The Starman, The Prince and The Last Christmas

2016 saw the world lose some of the greatest LGBTQ+ icons of all time. David Bowie, Prince and George Michael all crafted a legacy that incorporates much more than just their musical achievements: they were all revolutionary in challenging how we perceive concepts of sexuality and gender. There is no doubt that seeing such stars as these embrace their own identities had a positive influence on how the LGBTQ+ community was viewed, and their bravery still continues to promote tolerance today.

Prince’s style was profoundly influenced by concepts of gender. His onstage persona was flamboyant and colourful and in no way conformed to the stereotypes of masculine style. Importantly, this was never seen as embarrassing. Prince was so unapologetic in his performance that this challenging new style was not only tolerated but celebrated by music lovers around the world. It was a vital part of who Prince was as an artist. Prince challenged his fans further by juxtaposing this binary appearance with very masculine, sexually charged lyrics. Prince chose to explore sensuality with his music, explicitly and openly. These lyrics caused controversy in the media, which Prince responded to with the album Controversy.  Artists are always pushing boundaries, but Prince took it to the next level and, due to his success, helped to spread the message that individuality is a good thing and that you don’t need to conform to what society deems normal for your gender.

David Bowie’s influence was similar in many ways. His style was also daring, flamboyant and often feminine. He wore more makeup than most women did and opened up an important discussion on sexuality and experimentation. Bowie had heterosexual relationships, but came out as gay in 1972, before stating he was bisexual a few years later, then claiming he was a “closet heterosexual”. Whatever his sexuality, it didn’t really matter. The unpredictable and unexplainable actions of Bowie were a landmark moment for the LGBTQ+ community. Bowie was coming out publicly only five years after homosexuality was actually made legal in Britain, when the stigma that surrounded it was still widespread. It was certainly a brave move on his part and forced many people to question their own prejudices. He was one of the biggest stars of the time and, because of this, had a huge influence on how gay people were perceived. Bowie never seemed to feel the need to justify his choices. He was intent on being himself, or some incarnation of himself. He pushed boundaries and changed the image of pop forever.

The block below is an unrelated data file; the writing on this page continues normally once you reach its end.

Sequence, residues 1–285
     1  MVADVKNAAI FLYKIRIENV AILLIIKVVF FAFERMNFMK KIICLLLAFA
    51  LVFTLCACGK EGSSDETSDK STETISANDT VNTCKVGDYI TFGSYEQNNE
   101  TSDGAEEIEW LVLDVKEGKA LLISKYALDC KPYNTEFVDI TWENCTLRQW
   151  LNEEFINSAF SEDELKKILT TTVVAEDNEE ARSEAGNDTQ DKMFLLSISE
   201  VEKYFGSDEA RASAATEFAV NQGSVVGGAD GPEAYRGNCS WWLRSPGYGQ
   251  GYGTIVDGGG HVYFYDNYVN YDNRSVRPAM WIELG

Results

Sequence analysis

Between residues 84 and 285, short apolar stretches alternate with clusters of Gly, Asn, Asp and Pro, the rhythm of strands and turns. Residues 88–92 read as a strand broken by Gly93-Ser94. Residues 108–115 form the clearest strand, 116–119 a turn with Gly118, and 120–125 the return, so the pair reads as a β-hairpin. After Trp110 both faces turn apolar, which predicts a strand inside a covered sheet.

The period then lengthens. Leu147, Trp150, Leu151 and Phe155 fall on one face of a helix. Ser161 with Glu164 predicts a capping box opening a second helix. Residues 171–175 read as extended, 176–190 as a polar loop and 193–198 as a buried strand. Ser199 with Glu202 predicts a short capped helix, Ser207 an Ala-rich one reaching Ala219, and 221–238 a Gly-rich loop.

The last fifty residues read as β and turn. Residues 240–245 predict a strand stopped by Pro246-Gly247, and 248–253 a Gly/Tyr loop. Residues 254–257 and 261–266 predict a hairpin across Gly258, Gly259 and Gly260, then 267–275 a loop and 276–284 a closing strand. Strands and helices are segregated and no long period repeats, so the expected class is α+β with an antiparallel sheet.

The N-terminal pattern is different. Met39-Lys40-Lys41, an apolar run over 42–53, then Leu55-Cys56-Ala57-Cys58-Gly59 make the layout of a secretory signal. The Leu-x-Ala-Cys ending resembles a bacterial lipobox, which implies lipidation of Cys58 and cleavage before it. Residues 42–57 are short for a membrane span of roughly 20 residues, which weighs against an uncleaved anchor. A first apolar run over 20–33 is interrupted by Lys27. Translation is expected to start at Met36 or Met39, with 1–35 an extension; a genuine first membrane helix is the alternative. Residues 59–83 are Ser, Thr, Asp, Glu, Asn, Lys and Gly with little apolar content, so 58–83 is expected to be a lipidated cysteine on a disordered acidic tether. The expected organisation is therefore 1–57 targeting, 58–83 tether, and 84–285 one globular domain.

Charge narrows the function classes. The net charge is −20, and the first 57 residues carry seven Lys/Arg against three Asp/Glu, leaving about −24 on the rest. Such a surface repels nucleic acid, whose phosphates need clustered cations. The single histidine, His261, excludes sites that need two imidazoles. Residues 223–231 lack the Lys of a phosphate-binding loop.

Unlike Bowie, George Michael’s coming out was, unfortunately, non-voluntary. He was outed by the press following an arrest in Los Angeles in 1998. The height of Michael’s career also coincided with the AIDS epidemic of the 1980s and 90s, which led to renewed prejudice of the gay community. Michael revealed that part of the reason he didn’t come out voluntarily was because he didn’t want his mother to worry about him contracting AIDS. George Michael was different to Bowie and Prince because, for want of a better term, he ‘looked straight’. He was the classic guys-want-to-be-him, girls-want-to-be-with-him celebrity. Despite there being other openly gay artists on the scene in the 1980s music industry, the news of George Michael being gay came as a shock to many people. Although in hindsight, the platforms, hair and earings might seem overtly flamboyant, he certainly never looked effeminate. He therefore helped challenge the image of what gay men look like and, like Prince, showed that how you dress and how you identify are not inextricably linked.

This LGBTQ+ history month, we should remember the lasting influence of those brave artists who helped change people’s perceptions of sexuality and gender. They used their fame to help society see that not everyone can fit the same mould of so-called ‘normality’. They not only made it acceptable to be different, they made it cool. Each in their own way helped all of those who are struggling with their own identity both then and today. In a time where the Vice President of the United States is a man who has previously stated that abstinence is the best response to the AIDS crisis, it is important to not become complacent towards LGBTQ+ rights. We need to remember how much society has progressed, and the struggles we have made millions of gay men and women and the trans community endure, in order for us to develop as an inclusive society together.

Katie O’Kelly

(Image: Hindustan Times)

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